HOUSTON (April 14, 10 a.m. EDT) — Compared with other commodity plastics, PVC's outlook is downright stable.
While other materials have been buffeted by gyrating feedstock prices, the North American PVC market steadily has pushed through price increases, buoyed by strength in the housing market. That strategy, combined with disciplined output from PVC makers, should yield growth of about 2.5 percent in 2003, said a pair of market analysts who spoke recently at industry events in Houston.
“The journey of the last couple of years has left many [PVC makers] feeling beaten,” Chemical Market Associates Inc. consultant Nicholas Vafiadis said at his firm's World Petrochemical Conference, held March 26-27 in Houston. “Your reward for surviving this arduous trip may be two to three years of relative tranquility and stability.”
North American PVC demand “hit the ground running” in early 2003, Vafiadis added. “The decline in demand that surfaced late in the third quarter of 2002 reversed itself by mid-December and has not slowed to date.”
For full-year 2003, Vafiadis expects a 2.5 percent jump in U.S./Canadian domestic demand, though a drop in export business will lower that rate to 2 percent.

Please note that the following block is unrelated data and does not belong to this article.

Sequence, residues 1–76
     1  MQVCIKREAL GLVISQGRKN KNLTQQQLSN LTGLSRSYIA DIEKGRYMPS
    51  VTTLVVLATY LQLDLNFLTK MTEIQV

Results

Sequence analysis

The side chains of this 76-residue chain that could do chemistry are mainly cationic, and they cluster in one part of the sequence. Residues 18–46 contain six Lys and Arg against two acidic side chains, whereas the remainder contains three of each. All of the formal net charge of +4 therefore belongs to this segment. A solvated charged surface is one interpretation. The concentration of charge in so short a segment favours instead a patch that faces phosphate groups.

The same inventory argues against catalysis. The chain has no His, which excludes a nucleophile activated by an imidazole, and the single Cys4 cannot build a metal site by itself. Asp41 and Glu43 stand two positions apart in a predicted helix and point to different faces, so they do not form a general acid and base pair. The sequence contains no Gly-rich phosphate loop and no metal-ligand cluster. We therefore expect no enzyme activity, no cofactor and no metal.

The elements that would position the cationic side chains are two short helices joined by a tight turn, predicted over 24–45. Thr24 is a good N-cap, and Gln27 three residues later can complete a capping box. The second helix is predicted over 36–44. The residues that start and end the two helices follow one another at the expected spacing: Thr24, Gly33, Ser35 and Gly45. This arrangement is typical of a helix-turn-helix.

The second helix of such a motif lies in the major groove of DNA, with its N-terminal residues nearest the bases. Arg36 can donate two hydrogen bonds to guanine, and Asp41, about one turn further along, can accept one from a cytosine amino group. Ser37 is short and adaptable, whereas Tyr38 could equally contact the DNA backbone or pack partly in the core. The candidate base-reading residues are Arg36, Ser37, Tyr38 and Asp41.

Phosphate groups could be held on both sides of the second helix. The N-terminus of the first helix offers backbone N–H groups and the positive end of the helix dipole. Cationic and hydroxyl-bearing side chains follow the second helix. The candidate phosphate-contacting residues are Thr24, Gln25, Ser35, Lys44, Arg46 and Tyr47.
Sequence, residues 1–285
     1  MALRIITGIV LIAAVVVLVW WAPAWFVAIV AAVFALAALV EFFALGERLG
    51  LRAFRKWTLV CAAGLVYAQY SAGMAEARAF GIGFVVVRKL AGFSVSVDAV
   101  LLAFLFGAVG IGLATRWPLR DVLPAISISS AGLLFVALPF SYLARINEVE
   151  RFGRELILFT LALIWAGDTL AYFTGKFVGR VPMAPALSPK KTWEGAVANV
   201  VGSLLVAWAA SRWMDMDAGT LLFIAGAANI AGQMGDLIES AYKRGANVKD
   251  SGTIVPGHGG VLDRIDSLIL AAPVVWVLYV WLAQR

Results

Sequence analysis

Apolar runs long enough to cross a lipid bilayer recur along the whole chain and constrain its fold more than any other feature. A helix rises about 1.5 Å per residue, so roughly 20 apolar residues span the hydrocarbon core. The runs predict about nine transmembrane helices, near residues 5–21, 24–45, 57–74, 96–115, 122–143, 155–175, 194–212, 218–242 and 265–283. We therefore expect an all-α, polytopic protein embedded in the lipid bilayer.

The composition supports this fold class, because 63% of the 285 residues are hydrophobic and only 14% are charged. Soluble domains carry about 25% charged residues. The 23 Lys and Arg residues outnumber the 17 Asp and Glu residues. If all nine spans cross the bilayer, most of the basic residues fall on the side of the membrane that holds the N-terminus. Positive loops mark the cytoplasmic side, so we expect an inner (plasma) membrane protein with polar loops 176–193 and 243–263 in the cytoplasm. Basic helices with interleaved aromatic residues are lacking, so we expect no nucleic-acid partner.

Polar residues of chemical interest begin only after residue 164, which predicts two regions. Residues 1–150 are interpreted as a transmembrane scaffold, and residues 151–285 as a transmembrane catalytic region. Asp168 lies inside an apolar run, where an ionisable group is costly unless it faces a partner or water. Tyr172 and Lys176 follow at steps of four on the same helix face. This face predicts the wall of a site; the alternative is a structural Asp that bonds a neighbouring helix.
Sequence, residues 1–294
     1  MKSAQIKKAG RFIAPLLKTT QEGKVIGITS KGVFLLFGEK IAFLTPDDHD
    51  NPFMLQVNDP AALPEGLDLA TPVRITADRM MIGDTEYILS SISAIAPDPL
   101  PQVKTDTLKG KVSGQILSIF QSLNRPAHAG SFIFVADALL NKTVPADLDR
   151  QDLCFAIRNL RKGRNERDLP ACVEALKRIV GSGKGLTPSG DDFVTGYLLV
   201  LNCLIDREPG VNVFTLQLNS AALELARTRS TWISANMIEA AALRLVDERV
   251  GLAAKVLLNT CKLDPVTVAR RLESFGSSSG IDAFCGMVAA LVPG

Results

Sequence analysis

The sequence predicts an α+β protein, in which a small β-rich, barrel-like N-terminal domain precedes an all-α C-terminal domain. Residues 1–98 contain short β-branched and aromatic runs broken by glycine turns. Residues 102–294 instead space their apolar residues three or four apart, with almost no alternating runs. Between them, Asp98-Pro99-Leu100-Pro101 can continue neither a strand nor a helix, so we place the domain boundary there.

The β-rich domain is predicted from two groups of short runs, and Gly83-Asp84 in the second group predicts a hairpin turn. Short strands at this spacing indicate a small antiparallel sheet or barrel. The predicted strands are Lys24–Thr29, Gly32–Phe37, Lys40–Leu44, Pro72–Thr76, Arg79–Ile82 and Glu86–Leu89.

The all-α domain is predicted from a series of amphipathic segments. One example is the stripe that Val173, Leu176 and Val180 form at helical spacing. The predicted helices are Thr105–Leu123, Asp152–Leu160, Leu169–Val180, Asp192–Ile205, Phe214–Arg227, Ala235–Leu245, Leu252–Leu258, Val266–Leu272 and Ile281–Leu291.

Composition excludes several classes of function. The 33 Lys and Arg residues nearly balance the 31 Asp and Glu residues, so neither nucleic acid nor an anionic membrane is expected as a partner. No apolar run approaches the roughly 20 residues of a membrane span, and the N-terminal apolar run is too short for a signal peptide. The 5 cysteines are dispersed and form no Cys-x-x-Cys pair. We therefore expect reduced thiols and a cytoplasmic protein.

The expectations of Jon Hanson, a consultant with Houston's DeWitt & Co., are in the same range. The short-term market could be affected by possible capacity restarts by Shintech Inc. in Addis, La., and Westlake PVC Corp. in Geismar, La., later this year. Both of those plants previously were operated by Borden Chemicals and Plastics LP.
Though no new North American PVC plants are on the books, Hanson estimates the region will need another 1.5 billion pounds of capacity to meet demand into 2007.
Globally, he anticipates a problem in Asia, which is lacking more than 2 billion pounds of chlorine feedstock needed to meet its PVC demand through 2007. Chlorine supplies in North America and Europe largely will be consumed internally, leaving little left for Asia, Hanson said at his firm's World Petrochemical Review, also held March 26-27 in Houston.
On the pricing front, PVC makers gained 4 cents per pound total in pricing in January and February and are having early success with a similar hike for March. Increases of 5 cents per pound have been nominated for April.